Pejačević is considered a major Croatian composer. She left behind a considerable catalogue of 58 opuses (106 compositions), mostly in late Romantic style, including songs, piano works, chamber music, and several compositions for large orchestra, arguably her best. Her Symphony in F-sharp minor is considered by scholars the first modern symphony in Croatian music. Most of her music has yet to be published and released on compact disc, although concerted efforts have been made recently to rectify this situation. For example, the Croatian Music Information Centre has published some of her scores, including three of her orchestral works (Piano Concerto, Symphony, and Phantasie Concertante). In 2008, the Center also published a bilingual monograph (in English and Croatian), written by the Pejačević scholar Koraljka Kos, accompanied by a first all-Pejačević CD of piano and chamber music.

Her life is the subject of the fictionalized Croatian biographical film Countess Dora (1993), directed by Zvonimir Berković and starring Alma Prica and Rade Šerbedžija.[3]

List of works[edit]

Vocal compositions[edit]


  • "Ein Lied", Op. 11 (text: Paul Wilhelm; 1900)
  • "Warum?", Op. 13 (text: Dora Pejačević; 1901)
  • "Ave Maria", Op. 16, for voice, violin and organ, (1903)
  • Sieben Lieder, Op. 23 (text: Wilhelmine von Wickenburg-Almasy [de]; 1907; dedicated to Eva van Osten, Melanie Páiffy-Almásy, Julia Culp)
  1. "Sicheres Merkmal"
  2. "Es hat gleich einem Diebe"
  3. "Taut erst Blauveilchen"
  4. "Es jagen sich Mond und Sonne"
  5. "Du bist der helle Frühlingsmorgen"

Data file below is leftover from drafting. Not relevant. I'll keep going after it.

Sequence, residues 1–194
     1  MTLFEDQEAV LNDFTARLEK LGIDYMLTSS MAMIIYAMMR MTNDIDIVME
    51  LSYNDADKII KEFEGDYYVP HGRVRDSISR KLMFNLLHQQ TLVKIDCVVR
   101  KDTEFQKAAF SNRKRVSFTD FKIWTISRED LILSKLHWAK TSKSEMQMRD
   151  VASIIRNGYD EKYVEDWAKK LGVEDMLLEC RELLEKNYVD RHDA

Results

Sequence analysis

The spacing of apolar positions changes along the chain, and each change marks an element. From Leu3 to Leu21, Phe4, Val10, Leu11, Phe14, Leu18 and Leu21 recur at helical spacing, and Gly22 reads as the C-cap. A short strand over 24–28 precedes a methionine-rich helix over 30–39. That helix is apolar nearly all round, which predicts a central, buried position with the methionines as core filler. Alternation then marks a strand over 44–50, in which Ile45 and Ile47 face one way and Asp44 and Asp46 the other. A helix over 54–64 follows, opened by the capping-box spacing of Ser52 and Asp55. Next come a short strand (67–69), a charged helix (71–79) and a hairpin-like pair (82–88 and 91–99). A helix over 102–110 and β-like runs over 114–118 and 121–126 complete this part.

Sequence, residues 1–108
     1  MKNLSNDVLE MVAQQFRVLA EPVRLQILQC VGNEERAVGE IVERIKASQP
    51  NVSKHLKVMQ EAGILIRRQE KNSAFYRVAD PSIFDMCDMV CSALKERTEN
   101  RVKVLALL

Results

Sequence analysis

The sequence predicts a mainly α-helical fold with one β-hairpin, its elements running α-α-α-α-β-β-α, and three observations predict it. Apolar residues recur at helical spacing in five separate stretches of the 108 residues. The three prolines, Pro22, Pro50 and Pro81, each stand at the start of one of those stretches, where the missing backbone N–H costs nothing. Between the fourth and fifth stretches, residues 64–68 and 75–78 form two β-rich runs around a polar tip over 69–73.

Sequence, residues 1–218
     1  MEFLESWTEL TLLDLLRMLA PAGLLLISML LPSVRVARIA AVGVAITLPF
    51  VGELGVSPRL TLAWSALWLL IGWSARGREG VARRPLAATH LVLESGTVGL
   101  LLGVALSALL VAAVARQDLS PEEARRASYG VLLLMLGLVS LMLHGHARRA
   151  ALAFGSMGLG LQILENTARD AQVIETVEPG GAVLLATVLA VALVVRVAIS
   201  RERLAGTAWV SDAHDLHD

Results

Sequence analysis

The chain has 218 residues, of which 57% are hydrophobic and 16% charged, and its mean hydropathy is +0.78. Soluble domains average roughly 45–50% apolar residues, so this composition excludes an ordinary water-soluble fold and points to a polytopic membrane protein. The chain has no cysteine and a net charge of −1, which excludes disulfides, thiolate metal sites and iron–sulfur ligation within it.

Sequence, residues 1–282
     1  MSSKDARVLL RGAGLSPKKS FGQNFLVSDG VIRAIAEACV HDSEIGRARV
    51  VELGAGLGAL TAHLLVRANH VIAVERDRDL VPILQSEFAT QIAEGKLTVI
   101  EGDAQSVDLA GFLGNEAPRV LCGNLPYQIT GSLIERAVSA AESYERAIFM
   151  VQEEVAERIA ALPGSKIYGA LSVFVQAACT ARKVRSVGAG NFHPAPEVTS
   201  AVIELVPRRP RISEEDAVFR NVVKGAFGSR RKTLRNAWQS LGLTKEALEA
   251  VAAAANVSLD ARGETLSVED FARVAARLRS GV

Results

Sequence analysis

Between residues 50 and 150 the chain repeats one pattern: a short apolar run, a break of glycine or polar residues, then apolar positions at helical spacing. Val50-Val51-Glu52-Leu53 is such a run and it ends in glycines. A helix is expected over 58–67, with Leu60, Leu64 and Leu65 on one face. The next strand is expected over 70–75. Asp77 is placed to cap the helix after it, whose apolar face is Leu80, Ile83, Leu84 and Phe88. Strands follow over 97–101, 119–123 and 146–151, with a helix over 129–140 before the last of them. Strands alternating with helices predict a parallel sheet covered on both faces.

6. "In den Blättern wühlt"
  7. "Es war einmal"
  • Zwei Lieder, Op. 27 (Text: Wilhelmine von Wickenburg-Almasy; Ernst Strauss; 1909)
  1. "Ich schleiche meine Straßen"
  2. "Verweht"
  • Vier Lieder, Op. 30 (Text: Anna Ritter; 1911; dedicated to Marianne Konradsheim)
  1. "Ein Schrei"
  2. "Wie ein Rausch"
  3. "Ich glaub', lieber Schatz"
  4. "Traumglück"
  • Verwandlung for voice, violin and organ, Op. 37a (text: Karl Kraus; 1915; dedicated to Sidonie Nádherny von Borutin)[4]
  • Mädchengestalten, Op. 42 (text: Rainer Maria Rilke 1916)
  1. "Als du mich einst gefunden hast"
  2. "Viel Fähren sind auf den Flüssen"
  3. "Ich bin eine Waise"
  4. "Ich war ein Kind und träumte viel"
  • "An eine Falte", Op. 46 (text: Karl Kraus; 1918; dedicated to Sidonie Nádherny von Borutin)
  • Drei Gesänge, Op. 53 (text: Friedrich Nietzsche; 1919–1920)
  1. "Venedig"
  2. "Vereinsamt"
  3. "Der Einsamste"
  1. "Zu dir!"
  2. "Um bei dir zu sein"
  • Tri dječje pjesme (Three children's songs), Op. 56 (text: Zmaj Jovan Jovanović; 1921)
  1. "Majčica, moj anđeo" (Mommy, my angel)
  2. "Dijete i baka" (Child and grandmother)
  3. "Mali Radojica" (Little Radojica)

With orchestral accompaniment

  • Verwandlung, Op. 37b (text: Karl Kraus; 1915)
  • Liebeslied, Op. 39 (text: Rainer Maria Rilke; 1915)
  • Zwei Schmetterlingslieder, Op. 52 (text: Karl Henckell; 1920)
  1. "Goldne Sterne, blaue Glöckchen"
  2. "Schwebe, du Schmetterling"

Compositions for solo piano[edit]

  • Berceuse, Op. 2 (1897)
  • Gondellied, Op. 4 (In Erinnerung an die gemütlichen Tage in Našice von Dora, Našice, 25 July 1898)
  • Chanson sans paroles, Op. 5, (1898)